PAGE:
Another day playing with PyPy. First up was a pleasant surprise in that the 2x slowdown reduced with the currently nightly build, bringing performance up from 40,000cps to ~60,000cps.
After that, applied a micro-optimization that got me about a 6% speedup; I eliminated the use of a state "struct object" (object that just used regular attribute access and no methods) in favour of passing all of the state as explicit arguments and returning the state modification(s) to the caller. Not a huge win, but what it did do is make it possible for cfbolz to point out that, with the modifications, there was an unneeded re-raising of an exception in one of the most heavily used methods.
Eliminating just that trivial operation caused performance to triple (from ~60,000cps to a somewhat respectable 180,000cps). Baseline for the naive rewrite in cPython was 82,000cps, so we're suddenly seeing a real performance improvement.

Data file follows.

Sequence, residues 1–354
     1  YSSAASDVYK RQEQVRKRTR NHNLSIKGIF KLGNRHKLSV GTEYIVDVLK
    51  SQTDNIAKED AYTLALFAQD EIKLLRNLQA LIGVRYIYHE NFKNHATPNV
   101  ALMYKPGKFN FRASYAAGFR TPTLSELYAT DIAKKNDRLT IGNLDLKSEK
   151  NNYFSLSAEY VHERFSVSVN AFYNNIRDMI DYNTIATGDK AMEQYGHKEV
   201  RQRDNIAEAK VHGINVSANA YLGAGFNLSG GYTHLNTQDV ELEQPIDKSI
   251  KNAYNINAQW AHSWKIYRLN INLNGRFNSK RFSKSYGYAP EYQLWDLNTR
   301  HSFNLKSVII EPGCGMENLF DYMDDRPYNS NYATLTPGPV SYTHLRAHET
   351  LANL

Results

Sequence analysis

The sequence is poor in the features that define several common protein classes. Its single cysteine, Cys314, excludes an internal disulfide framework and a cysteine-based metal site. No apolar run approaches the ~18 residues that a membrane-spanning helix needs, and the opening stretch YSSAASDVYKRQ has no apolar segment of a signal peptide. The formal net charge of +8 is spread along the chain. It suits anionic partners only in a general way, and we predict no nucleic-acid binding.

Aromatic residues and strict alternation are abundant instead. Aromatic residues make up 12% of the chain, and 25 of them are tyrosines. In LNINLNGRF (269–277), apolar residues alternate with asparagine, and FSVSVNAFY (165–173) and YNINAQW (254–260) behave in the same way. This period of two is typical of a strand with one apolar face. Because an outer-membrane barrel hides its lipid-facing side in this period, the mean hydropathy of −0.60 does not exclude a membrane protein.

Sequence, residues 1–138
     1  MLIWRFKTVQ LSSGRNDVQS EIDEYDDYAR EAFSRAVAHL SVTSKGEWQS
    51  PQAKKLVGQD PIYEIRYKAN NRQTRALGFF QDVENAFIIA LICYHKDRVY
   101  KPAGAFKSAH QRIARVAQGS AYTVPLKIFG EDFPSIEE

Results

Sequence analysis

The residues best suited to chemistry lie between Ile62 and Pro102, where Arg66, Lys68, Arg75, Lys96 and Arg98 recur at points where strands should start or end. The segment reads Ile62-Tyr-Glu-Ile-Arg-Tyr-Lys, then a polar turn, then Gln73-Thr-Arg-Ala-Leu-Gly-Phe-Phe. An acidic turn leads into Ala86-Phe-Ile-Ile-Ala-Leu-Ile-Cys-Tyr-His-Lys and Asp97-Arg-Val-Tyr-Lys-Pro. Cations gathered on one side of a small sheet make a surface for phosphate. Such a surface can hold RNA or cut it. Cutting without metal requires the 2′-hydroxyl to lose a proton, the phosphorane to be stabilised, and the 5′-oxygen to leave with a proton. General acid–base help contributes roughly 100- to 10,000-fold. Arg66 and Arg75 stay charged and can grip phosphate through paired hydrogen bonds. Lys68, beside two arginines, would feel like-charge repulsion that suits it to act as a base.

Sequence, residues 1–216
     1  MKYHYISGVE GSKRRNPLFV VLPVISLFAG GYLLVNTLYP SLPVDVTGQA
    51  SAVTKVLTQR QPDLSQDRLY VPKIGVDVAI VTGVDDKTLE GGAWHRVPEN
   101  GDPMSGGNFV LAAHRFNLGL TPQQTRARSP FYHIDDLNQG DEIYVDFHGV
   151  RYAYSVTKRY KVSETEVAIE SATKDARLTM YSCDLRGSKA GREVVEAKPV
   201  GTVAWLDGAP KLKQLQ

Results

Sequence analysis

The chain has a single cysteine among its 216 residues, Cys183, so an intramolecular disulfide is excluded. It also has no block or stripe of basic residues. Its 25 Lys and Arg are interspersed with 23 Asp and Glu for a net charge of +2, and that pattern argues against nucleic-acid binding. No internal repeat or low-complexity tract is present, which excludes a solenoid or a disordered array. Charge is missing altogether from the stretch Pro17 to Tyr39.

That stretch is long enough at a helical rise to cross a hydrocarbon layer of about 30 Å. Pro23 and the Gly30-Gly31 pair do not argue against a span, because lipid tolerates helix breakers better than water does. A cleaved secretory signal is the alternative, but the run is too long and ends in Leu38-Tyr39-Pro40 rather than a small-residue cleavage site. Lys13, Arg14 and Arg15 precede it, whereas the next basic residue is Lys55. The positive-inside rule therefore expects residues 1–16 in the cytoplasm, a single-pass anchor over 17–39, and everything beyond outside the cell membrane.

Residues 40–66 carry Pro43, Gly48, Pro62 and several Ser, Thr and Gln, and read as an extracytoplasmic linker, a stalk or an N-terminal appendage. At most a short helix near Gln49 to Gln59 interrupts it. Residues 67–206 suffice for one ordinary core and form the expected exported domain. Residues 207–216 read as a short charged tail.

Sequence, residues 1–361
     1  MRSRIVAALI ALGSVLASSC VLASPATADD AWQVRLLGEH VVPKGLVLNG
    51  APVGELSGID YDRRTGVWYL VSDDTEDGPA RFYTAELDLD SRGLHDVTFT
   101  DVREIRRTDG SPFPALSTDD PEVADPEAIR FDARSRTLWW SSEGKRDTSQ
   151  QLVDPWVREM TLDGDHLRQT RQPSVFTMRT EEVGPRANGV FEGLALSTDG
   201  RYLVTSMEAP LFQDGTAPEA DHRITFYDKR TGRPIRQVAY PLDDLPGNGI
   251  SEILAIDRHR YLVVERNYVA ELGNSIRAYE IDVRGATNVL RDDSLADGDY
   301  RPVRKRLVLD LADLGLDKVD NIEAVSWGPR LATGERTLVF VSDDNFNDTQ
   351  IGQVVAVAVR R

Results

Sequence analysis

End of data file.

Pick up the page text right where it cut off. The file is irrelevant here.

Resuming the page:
Second fix cfbolz proposed was a bit more... evil... basically replace a for-loop with a recursive call, which caused performance to jump to 265,000cps on pypy, but caused it to drop noticeably on cpython. A little bit of code to test for pypy before using the pypy hack eliminates that issue.
End of the day, the code-base is markedly faster on pypy, but has also been optimized (slightly) for cpython as well. cpython parses at 110,000cps, pypy at 265,000cps on the test file. That puts us at ~1/12th the speed of the optimized C for pypy and ~1/30th for cpython.
There are still lots of things I want to explore, but I don't have the time to work on them today, so I suppose that will be next week...
 at the time I'd thought it had been entirely reduced, but that was because I ran the cPython test in the wrong window (duh!)